Synopses & Reviews
In time to coincide with a gallery show in San Francisco, this is Dave Eggers's first collection of drawings. Most of these works are of unusual mammals, most often accompanied by slogans with ancient, heroic, or just plain odd overtones. This full-color package will be a combination of 26 large-sized prints and an accompanying booklet.
This book echoes questions posed by Eggers in McSweeney's Issue 27: What is the line between a doodle, a cartoon, a gag, and a work of fine art? Does it seem, sometimes, that the artist is defacing his or her own work by adding text? Is loose draftsmanship appealing, in that itand#8217;s intimate and disarming? Is absurdity more appealing when it comes across as humble?
"In the beginning, there is nothing, just white space. Then comes the outline of the animal, and then the fur. Finally, Dave Eggers draws what he thinks the animal might be thinking. Eggers's ritualistic rendering -- done mostly late at night, all with the same kind of Sharpie marker, and employing a concentrated and contemplative procedure over and over to get to the heart of the animal's thought -- makes It Is Right to Draw Their Fur: Animal Renderings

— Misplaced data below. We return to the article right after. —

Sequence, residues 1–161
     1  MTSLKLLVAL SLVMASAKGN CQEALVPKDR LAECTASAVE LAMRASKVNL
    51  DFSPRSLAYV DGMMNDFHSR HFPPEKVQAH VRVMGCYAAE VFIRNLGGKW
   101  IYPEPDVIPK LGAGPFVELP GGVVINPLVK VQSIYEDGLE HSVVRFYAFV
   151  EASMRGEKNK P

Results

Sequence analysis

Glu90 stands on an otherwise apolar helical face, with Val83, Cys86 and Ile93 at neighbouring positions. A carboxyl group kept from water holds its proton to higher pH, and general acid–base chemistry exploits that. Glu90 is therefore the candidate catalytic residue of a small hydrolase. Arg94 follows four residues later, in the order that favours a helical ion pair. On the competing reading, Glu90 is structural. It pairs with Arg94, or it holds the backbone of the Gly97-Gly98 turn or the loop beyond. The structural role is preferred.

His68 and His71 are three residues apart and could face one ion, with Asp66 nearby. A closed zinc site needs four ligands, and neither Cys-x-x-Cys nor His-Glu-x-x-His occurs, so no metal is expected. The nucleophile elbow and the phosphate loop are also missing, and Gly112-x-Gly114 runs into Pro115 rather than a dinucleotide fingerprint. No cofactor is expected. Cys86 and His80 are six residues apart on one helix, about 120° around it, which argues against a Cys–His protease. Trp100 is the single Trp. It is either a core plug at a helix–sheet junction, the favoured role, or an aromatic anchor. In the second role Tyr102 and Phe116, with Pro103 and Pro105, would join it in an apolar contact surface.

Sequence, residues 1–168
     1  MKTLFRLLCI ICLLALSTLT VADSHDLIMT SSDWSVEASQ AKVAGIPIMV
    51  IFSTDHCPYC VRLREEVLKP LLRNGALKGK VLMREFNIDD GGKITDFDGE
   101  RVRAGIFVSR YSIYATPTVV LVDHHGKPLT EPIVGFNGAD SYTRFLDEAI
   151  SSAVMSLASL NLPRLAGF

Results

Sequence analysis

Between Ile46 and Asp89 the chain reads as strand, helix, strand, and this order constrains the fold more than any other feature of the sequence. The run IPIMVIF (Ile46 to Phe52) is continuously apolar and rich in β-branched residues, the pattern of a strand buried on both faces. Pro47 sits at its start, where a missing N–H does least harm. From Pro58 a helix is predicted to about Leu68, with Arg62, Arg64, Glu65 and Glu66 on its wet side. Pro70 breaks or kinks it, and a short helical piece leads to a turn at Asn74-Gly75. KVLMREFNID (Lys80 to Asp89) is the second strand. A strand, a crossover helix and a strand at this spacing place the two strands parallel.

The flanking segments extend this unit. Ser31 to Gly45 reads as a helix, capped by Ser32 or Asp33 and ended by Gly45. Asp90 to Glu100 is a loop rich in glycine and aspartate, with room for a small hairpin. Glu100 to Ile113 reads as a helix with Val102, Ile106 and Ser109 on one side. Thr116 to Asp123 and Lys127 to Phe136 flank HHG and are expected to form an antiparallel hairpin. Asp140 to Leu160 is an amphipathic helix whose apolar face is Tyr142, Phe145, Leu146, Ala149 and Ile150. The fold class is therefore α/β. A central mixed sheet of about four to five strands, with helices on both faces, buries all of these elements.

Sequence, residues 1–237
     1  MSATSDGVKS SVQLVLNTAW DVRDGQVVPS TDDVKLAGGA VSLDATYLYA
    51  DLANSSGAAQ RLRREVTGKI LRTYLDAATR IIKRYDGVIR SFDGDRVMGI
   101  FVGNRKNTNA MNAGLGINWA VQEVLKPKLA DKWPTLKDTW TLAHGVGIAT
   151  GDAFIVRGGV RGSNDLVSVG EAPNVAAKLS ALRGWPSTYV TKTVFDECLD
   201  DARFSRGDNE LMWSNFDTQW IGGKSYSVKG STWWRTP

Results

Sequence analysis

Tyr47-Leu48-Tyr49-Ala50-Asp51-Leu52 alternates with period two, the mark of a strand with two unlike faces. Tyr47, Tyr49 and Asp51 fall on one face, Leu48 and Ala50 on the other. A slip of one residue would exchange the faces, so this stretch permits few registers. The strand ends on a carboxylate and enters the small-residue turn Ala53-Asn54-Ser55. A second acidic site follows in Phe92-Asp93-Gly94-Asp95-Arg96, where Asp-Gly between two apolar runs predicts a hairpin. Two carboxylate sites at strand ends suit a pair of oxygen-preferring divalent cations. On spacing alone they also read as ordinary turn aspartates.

nothing less than a form of ecstatic prayer, an astonishing and beautiful litany of an animal poetics that teaches us how to be more human, more thoughtful, simply more." Kevin Carollo, Rain Taxi
(Read the entire Rain Taxi review
This book echoes questions posed by Eggers in "McSweeney's Issue 27": What is the line between a doodle, a cartoon, a gag, and a work of fine art? This full-color package will be a combination of 26 large-sized prints and an accompanying booklet.
About the Author
For most of his youth, author/editor Dave Eggers was an aspiring painter. After college, he was a cartoonist and illustrator for dozens of magazines and newspapers. In 2008, he curated a show for apexart (a nonprofit art gallery in New York) featuring the works of Renand#233; Magritte, Francisco Goya, Andy Warhol, David Shrigley, Kurt Vonnegut, Shel Silverstein, Raymond Pettibon, and many others.